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Toll-Like Receptor 1/2 Stimulation Induces Elevated Interleukin-8 Secretion in Polymorphonuclear Leukocytes Isolated from Preterm and Term Newborn InfantsThornton N.L. · Cody M.J. · Yost C.C.
Department of Pediatrics and Program in Human Molecular Biology and Genetics, University of Utah, Salt Lake City, Utah, USA Corresponding Author
Christian Con Yost, MD
Department of Pediatrics/Neonatology, University of Utah
Williams Building, 295 Chipeta Way
Salt Lake City, UT 84108 (USA)
Tel. +1 801 581 7052, E-Mail email@example.com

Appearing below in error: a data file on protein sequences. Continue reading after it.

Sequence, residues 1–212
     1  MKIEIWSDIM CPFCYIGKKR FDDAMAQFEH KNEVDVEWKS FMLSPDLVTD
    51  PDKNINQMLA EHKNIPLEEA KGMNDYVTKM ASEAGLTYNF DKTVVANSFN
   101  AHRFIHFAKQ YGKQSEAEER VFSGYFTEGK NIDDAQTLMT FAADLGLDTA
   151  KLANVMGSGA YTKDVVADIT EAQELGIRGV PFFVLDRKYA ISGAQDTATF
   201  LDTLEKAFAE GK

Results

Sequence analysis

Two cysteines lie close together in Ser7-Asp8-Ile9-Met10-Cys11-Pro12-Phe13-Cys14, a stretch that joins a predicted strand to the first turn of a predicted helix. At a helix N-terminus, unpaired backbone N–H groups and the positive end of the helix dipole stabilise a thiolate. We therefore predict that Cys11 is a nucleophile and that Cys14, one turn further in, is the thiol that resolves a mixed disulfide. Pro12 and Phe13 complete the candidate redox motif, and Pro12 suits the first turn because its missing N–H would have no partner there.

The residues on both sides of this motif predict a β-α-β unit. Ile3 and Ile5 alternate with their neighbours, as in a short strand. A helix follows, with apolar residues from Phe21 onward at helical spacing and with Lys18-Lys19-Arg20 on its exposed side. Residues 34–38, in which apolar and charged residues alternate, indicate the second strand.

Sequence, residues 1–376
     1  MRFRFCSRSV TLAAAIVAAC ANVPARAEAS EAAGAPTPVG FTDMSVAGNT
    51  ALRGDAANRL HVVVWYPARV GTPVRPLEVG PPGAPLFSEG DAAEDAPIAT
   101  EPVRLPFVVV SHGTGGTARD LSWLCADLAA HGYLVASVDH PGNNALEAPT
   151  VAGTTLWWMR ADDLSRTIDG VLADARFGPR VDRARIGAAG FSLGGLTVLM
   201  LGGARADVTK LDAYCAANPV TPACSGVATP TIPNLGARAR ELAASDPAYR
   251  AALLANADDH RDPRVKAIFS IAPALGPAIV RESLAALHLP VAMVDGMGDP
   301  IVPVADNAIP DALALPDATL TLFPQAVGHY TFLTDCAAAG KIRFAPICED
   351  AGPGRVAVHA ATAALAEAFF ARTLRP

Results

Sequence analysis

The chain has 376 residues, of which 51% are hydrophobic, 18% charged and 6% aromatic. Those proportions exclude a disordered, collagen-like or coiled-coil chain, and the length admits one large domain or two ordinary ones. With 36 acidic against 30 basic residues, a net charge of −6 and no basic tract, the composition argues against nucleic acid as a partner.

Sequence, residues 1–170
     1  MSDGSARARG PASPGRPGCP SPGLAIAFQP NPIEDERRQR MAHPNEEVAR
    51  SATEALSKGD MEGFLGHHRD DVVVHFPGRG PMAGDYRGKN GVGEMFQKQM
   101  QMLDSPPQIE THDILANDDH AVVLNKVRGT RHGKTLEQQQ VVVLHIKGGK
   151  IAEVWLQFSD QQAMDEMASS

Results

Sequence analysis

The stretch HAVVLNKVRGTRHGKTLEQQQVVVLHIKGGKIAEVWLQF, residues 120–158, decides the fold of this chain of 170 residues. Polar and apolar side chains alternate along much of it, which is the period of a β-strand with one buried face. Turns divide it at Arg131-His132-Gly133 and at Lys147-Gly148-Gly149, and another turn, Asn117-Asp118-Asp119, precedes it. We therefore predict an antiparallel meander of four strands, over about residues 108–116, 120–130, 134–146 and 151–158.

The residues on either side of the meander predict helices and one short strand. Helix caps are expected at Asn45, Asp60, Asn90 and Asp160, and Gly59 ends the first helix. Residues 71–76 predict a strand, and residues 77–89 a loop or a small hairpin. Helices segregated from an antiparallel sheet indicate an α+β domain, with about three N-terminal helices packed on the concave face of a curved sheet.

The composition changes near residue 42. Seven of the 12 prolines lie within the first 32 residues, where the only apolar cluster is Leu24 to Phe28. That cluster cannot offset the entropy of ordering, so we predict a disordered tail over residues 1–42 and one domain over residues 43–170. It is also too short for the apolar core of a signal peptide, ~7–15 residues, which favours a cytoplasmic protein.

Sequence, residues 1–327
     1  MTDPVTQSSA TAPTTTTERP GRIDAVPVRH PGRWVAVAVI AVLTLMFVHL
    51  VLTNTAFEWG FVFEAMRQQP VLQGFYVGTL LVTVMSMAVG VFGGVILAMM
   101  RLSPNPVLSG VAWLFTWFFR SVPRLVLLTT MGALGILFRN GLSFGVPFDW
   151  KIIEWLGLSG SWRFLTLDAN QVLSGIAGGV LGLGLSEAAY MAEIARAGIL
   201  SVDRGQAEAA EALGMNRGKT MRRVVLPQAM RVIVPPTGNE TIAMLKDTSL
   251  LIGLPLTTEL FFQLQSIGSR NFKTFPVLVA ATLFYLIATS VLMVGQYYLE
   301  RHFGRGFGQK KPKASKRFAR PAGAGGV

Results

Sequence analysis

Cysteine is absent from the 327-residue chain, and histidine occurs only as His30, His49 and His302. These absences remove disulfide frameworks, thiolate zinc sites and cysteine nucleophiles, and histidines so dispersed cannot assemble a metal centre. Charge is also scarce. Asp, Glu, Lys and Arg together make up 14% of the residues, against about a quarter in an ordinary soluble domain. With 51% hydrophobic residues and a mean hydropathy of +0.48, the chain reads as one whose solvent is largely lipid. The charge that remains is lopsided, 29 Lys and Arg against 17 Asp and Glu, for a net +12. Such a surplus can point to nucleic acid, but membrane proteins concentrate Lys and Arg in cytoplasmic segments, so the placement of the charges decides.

Background: Neonatal neutrophil dysfunction contributes to inflammatory tissue damage in newborn infants. Toll-like receptors (TLRs) activate the innate immune response through recognition of pathogen-associated molecular patterns. Expression and function of TLRs by neonatal neutrophils has not well been characterized. Objective: We hypothesized that, compared to polymorphonuclear leukocytes (PMNs) isolated from adults, neonatal PMNs isolated from either term or preterm infants express and release different levels of inflammatory cytokines and chemokines in response to stimulation with TLR1–9 agonists. Methods: We stimulated PMNs isolated from preterm (n = 12) and term (n = 10) infants as well as adults (n = 10) with agonists recognized by TLRs1–9 and quantified chemokine and cytokine expression and secretion by ELISA and Luminex® multiplex quantification assay. Results: Neonatal and adult PMNs stimulated with agonists recognized by TLRs1–9 differentially secrete inflammatory products. Signaling via TLR2 heterodimers is a potent mechanism for release of interleukin-8, a critical proinflammatory chemokine, by neonatal PMNs – a previously unrecognized facet of neonatal inflammation. Following TLR1/2 (PAM3CSK4) stimulation, interleukin-8 secretion by neonatal PMNs, whether term or preterm, substantially exceeds that of adult PMNs assayed in parallel. Conclusions: These studies provide new insights relevant to the inflammatory biology of neonates, both term and preterm, and implicate exaggerated PMN recruitment in neonatal syndromes of dysregulated inflammation such as necrotizing enterocolitis or neonatal chronic lung disease.
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